Prime Minister Imran Khan has announced the commencement of the Naya Pakistan Qaumi Sehat Card scheme, a Rs.450 billion initiative to introduce universal health care.
The Sehat Card will cover medical bills for struggling families, including from the private hospitals which the prime minister bemoaned only ‘serve the elites.’ According to some reports, private sector hospitals serve up to 70 per cent of the total population in Pakistan.
“We will be an example to the world of what a welfare state is,” the prime minister announced at a launch ceremony in Islamabad on Wednesday.
Under the program, all families in Islamabad, Punjab, Azad Jammu and Kashmir, Gilgit Baltistan, and Tharparkar will be eligible to access free medical care from government and private hospitals, with the aim to provide under-privileged citizens with adequate healthcare.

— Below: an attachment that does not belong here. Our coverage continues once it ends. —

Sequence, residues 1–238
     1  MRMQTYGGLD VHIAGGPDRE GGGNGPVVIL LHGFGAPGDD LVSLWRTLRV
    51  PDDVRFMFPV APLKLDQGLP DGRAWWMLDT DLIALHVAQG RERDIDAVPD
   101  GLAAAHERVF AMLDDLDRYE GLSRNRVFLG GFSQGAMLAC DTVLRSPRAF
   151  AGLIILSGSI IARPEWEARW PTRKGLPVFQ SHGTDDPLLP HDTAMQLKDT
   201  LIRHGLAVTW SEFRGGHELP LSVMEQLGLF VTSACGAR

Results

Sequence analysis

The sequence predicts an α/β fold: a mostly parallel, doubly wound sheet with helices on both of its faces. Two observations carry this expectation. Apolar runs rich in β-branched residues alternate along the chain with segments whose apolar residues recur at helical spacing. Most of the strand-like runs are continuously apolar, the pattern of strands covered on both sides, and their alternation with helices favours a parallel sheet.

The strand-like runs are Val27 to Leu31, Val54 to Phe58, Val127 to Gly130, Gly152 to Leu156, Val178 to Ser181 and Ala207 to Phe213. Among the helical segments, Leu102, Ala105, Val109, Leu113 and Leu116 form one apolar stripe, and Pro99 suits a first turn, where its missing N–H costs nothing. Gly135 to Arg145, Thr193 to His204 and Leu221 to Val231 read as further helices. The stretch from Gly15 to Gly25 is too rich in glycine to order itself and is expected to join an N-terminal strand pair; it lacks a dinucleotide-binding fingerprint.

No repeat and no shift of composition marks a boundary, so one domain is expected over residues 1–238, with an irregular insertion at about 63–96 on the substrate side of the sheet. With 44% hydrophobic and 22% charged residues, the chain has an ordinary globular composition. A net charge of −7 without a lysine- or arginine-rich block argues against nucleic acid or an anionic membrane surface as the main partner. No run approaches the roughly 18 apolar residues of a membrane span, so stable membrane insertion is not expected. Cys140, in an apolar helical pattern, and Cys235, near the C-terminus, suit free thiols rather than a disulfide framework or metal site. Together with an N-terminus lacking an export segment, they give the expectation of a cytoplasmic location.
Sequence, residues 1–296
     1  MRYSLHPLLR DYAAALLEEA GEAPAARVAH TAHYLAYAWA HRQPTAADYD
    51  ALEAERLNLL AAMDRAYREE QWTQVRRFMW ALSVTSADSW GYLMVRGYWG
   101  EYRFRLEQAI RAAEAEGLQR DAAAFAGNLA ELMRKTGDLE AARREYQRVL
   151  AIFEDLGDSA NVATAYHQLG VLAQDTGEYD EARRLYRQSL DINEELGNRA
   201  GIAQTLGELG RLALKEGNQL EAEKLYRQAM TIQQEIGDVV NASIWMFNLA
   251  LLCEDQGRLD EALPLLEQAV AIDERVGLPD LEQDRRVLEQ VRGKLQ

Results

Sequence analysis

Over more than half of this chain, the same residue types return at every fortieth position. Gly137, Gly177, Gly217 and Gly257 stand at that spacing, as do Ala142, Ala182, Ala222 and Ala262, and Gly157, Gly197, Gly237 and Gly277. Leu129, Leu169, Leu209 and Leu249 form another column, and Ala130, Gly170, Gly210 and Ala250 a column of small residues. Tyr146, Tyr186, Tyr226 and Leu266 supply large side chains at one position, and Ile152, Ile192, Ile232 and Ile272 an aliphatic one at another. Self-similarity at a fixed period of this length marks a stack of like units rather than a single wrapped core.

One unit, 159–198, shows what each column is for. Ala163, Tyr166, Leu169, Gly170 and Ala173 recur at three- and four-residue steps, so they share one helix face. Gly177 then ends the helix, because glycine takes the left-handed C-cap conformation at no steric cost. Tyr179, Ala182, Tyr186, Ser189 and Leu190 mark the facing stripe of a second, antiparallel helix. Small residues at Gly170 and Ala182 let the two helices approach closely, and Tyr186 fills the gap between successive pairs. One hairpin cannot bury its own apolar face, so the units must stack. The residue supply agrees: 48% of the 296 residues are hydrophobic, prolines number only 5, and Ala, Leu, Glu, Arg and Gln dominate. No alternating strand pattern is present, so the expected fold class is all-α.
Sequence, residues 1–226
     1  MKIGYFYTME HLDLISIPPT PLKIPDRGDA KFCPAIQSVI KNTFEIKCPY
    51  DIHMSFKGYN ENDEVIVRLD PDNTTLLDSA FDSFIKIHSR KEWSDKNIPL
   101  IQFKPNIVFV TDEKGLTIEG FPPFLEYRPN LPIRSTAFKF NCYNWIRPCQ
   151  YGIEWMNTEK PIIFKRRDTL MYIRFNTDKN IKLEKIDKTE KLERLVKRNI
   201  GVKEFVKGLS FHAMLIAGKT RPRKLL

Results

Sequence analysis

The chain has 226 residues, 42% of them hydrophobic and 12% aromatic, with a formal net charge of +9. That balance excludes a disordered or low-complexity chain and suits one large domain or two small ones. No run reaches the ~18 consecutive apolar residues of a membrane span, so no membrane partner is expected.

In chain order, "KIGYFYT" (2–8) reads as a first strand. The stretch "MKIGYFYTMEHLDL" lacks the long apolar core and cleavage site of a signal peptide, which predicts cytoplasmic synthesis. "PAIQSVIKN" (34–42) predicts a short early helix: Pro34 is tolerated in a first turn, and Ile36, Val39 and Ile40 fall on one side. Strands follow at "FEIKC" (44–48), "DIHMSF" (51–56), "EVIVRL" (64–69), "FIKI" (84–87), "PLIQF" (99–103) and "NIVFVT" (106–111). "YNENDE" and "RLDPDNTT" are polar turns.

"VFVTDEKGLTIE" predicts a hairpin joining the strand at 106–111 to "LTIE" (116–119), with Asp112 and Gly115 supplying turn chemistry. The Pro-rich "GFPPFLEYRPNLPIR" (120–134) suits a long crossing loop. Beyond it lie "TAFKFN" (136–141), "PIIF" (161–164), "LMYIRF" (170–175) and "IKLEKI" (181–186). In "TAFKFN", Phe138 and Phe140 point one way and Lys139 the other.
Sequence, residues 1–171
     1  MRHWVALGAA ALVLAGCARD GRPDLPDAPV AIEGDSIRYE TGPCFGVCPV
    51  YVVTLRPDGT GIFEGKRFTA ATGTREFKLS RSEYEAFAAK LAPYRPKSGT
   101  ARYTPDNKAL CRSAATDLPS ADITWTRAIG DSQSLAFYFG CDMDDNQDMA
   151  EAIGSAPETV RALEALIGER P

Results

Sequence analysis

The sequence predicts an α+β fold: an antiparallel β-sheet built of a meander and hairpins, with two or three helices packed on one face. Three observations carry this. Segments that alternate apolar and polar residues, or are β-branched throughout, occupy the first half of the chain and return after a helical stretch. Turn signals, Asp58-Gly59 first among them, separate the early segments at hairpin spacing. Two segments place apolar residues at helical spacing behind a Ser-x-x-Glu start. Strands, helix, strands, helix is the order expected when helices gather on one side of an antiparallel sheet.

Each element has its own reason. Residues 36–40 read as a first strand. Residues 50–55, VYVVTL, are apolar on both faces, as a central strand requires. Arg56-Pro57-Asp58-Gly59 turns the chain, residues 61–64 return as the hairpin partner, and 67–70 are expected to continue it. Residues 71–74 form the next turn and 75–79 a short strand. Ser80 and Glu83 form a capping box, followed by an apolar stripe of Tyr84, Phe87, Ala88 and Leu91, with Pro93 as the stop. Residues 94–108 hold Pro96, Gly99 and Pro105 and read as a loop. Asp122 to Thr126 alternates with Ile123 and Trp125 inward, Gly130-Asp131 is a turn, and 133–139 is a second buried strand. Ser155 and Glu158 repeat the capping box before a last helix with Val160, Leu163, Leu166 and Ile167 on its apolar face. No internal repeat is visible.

“This will prove a defining moment in improvement of healthcare services in Pakistan,” the prime minister said, noting that many rural areas lacked comprehensive medical services, which tend to be concentrated in major cities.
Historically, Pakistan has underspent on its national healthcare services. According to World Health Organization (WHO) advisor on Universal Health Coverage Zafar Mirza, between 2017-18, Pakistan spent just $45 per person on health, while neighboring Iran spent $484 and Qatar spent $1,716 per capita. Of this total per capita health expenditure in Pakistan, the government only provided $14, whereas the remaining $28 were spent out of pocket with just $3 coming from external sources.